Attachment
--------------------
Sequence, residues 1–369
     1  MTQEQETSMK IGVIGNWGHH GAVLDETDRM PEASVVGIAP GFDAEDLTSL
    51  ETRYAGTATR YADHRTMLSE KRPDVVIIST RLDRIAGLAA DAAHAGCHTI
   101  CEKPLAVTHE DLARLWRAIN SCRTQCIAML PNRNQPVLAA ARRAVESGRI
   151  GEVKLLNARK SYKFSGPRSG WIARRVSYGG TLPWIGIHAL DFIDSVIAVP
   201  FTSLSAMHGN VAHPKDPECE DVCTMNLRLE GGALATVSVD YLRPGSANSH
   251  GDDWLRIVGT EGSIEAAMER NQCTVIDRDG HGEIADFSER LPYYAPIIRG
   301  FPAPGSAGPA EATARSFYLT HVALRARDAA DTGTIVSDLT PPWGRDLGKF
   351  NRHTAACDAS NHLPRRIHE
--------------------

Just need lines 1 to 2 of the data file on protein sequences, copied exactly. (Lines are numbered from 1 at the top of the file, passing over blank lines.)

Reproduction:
Sequence, residues 1–369
     1  MTQEQETSMK IGVIGNWGHH GAVLDETDRM PEASVVGIAP GFDAEDLTSL